What will be the future of traditional libraries in the digital age?

Reading is an exciting activity for some, a professional practice for others, or a necessity. Several writers, theorists, and teachers have pointed out that the media influence the way we read, write and think, even our ability to concentrate.

At the root of the reading crisis would not be digital or television, since this decline in reading would have already begun in the 1980s.

The relationship to the book has changed over time: from intensive reading (specific to the period when the reader had very little access to the books – aloud) to extensive reading (represented by an increasing number of books, individual and silent reading, but a relationship “at a superficial level”, “less intensive”).

Are librairies obsolete?

However, a decline in reading means a decrease in the number of visitors to the places dedicated to it. We need to think more specifically about the library itself and the question of its obsolescence. Indeed, it seems to be increasingly relevant in the era of dematerialization, digital books, online book sales, and in the age of the giant Amazon, to put it briefly.

We can, therefore, consider obsolete the bookstore since it is a place for selling books, where Amazon offers a plethora of products. It can also be viewed as such when establishing a space-time relationship. On the Internet, you are guaranteed to find the book you are looking for, immediately, without having to travel. It says a lot about our current practices, where waiting means wasting time and where everything is only immediate.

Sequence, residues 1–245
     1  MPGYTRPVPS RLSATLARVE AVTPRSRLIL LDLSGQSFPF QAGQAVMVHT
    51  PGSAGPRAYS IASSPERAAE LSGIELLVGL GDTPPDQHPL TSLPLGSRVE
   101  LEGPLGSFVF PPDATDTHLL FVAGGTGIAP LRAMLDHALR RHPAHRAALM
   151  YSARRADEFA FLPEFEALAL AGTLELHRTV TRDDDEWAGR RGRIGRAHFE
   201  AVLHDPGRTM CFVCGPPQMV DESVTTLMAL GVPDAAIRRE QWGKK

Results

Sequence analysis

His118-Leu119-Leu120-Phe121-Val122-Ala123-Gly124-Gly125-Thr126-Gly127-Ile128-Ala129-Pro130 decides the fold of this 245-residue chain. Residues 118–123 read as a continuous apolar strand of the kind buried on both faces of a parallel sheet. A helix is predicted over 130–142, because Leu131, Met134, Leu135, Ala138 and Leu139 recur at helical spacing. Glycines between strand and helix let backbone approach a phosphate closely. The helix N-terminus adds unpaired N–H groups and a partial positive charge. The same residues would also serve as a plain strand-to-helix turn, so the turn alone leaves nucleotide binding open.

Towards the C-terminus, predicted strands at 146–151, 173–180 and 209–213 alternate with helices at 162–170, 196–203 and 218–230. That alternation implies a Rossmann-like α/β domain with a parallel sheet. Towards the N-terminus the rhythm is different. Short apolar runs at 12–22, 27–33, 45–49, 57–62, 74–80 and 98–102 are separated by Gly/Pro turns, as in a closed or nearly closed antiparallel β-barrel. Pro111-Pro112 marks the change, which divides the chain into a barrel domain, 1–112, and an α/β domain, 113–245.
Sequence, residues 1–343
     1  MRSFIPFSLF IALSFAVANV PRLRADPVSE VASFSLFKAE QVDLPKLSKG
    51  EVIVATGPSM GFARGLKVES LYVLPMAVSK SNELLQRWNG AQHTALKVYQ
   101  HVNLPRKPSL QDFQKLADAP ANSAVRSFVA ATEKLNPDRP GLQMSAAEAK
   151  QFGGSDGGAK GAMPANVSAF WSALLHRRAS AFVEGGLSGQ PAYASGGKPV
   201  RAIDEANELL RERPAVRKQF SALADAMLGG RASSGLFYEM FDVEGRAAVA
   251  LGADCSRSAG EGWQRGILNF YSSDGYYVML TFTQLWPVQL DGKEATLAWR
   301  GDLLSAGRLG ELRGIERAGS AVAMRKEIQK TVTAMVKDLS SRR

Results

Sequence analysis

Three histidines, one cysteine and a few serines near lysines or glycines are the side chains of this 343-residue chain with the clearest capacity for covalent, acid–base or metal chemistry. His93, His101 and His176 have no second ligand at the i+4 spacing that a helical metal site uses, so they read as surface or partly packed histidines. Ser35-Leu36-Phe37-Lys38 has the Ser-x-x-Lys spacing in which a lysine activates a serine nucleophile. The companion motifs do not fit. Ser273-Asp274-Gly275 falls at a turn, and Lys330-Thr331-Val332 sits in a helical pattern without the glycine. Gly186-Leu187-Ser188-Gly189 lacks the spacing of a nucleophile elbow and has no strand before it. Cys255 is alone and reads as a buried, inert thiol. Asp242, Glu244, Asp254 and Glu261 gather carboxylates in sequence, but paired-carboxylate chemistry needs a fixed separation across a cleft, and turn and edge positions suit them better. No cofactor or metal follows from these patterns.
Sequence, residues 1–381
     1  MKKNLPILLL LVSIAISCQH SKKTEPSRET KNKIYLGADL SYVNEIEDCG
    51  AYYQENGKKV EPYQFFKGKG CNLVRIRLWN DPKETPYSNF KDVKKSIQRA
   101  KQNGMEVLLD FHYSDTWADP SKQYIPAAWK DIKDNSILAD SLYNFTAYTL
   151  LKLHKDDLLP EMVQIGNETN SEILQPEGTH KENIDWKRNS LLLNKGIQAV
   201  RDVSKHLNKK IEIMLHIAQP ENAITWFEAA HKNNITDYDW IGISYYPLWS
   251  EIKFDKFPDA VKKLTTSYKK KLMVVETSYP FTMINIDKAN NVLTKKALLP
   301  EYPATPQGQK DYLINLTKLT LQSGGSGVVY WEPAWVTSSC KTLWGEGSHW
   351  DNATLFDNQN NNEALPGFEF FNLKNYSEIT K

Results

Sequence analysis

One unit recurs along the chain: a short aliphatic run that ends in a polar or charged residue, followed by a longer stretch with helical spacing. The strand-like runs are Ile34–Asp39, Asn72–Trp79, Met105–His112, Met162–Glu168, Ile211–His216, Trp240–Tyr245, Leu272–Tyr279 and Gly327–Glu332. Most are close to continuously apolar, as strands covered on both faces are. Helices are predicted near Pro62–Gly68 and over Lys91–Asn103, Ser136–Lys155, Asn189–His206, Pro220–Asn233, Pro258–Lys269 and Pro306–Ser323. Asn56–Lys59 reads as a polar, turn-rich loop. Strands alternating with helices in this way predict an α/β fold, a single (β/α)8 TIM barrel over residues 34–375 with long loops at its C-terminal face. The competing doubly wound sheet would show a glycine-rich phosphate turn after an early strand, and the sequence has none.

What makes the bookstore obsolete is how bookstores have failed to keep up the pace and continue for some to exclude a category of less educated readers who inevitably turn to the online sales system in which they do not feel judged. This old order of reading no longer exists today, and that is what booksellers have not been able to anticipate.

However, the situation is not desperate. The library can avoid obsolescence if booksellers organize themselves differently. Bookstores can pool their skills, for example, by creating networks of booksellers, by recreating a culture of proximity to counter the dispersion of too often anonymous relationships on the web, but also by restoring the notion of advice, by repositioning itself as a guide, by taking initiatives and by positioning itself on the internet.

It, therefore, seems possible to imagine new models.

To conclude, we would like to insist on the fact that the announced decline of the bookshop is to be qualified. It seems obsolete because it lags behind the rapid and massive changes in society in terms of the consumption of cultural goods. Nevertheless, bookstores are not only victims and have a role to play, on the human side, in the niche of advice that Amazon will always miss.

The library is undoubtedly in danger but not outdated. Booksellers have to open up and not get themselves bogged down in an old mode of operation that gives pride of place to a small community of highly experienced readers while neglecting others who refer to the Internet, where they do not feel judged.